It’s like windsurfing has given me credibility, an open door; there is this platform to work from. The world wants a platform so God said “Well if they want a platform then I’ll give them a platform” you know what I mean… “and I’ll use whoever is available to do it.” I’ve always been pretty available to do His work, to do whatever He wants me to do. It is like listening and seeing what He is doing already, and joining in with Him instead of devising my own plans and objectives.
AW: Did God lead you away from windsurfing?
KA: Yeah… definitely, I really knew that I’d achieved all my goals at Ho’okipa, that I didn’t really have the desire to be number one there anymore. It was just like losing something very quickly. I think God had taken me to the escalation point, that He had built the platform already. I knew my feelings were changing. I didn’t really want to be at the beach every day, there were other things happening, I started short mission trips and so… There was a point that I got so depressed going there and I used to just love it. So I knew that was coming from the Lord but I couldn’t understand it. I mean there’d be some days that I would come home and I’d be just crying and like, say “this is over!”…you know what I mean. Not that He doesn’t want me involved and active in peoples’ lives but He had done what He wanted to do there and from that point He’s going to work off what He had already built up. See the foundation? He had already built the foundation, He wanted me to work off the fat now and I wanted sit there and still get more.
And so now I’m working off the foundation. You see, when I go speak at a high school, it’s like “Kelby, the Windsurfing Speaker!”
AW: What do you think of windsurfing now?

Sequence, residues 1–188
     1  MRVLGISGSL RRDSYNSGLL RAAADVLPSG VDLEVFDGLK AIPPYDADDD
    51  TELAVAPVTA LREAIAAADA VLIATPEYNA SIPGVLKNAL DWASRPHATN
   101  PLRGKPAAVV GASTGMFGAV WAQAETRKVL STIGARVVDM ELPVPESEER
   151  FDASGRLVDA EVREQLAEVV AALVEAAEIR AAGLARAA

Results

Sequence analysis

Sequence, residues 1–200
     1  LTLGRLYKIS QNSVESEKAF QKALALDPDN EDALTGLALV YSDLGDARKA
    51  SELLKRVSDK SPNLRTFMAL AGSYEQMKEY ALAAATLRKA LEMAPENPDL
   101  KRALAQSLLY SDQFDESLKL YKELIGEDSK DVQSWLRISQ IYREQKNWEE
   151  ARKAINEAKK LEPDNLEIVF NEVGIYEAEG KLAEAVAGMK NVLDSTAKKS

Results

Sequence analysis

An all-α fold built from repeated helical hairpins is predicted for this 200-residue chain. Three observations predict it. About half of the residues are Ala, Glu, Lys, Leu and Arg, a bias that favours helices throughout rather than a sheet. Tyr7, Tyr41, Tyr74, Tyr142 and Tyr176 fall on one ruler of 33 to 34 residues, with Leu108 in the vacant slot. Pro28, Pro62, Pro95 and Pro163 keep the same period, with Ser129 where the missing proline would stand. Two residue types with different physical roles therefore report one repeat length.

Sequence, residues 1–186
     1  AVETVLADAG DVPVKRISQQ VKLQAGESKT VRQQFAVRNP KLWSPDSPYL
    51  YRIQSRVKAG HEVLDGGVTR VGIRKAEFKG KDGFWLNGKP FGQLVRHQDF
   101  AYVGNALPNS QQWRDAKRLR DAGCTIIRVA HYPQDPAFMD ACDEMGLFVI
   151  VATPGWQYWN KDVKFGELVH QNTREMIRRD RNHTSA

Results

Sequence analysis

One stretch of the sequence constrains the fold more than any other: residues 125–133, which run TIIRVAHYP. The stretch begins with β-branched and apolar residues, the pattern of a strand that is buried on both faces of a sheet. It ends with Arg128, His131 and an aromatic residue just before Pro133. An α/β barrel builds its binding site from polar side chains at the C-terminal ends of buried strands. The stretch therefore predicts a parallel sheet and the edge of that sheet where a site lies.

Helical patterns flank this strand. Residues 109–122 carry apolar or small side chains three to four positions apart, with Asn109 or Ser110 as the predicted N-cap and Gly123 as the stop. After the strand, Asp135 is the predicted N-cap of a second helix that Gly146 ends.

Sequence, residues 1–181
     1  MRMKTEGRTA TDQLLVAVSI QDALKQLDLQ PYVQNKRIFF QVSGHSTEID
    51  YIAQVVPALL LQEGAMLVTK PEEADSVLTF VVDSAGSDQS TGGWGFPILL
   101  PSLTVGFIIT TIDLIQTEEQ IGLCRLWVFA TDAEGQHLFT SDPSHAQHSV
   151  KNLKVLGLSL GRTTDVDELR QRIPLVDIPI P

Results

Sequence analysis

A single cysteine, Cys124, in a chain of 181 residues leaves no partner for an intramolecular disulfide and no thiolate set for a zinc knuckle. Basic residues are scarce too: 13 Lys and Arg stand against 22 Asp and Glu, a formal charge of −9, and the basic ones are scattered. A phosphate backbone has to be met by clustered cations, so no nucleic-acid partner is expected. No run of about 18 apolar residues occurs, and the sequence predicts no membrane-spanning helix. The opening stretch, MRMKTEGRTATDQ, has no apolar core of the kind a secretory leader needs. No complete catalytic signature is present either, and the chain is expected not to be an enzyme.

KA: I still love to windsurf and I really love all the people in it. It’s just that there is so much more that God is doing in my life. It is not that I am pulling away, it’s like I’m expanding… you know what I’m saying? [laughs] What I do now is to go to different countries and work with people that don’t have any money and kids that really appreciate life, and people who really want to hear the Gospel of Jesus Christ.
In America we have so much that we get lost in materialism and you don’t even realize you’re lost until you get away and you see how simple life should be. I went to the Philippines on my first mission trip and I worked with kids and God really showed me that this is what matters, that they need to hear the truth, considering what’s going on out there. I look at windsurfing and everything going on there, but if you look at the big picture of the world and life and everything that is going on, it is very easy to see that He is ready to come any time now. I don’t want to be on a two-foot wave worrying about my camber-induced sail when the King comes in the clouds. [laughing] You know what I’m saying? [laughs]
I think it’s great to do all these things, it’s great to be a hot windsurfer, a hot designer or the sharpest shaper or whatever you like…[laughs] it’s great, but you gotta realize the King is coming and not get wrapped up in the little things—the minors, you know, cause there is so much more.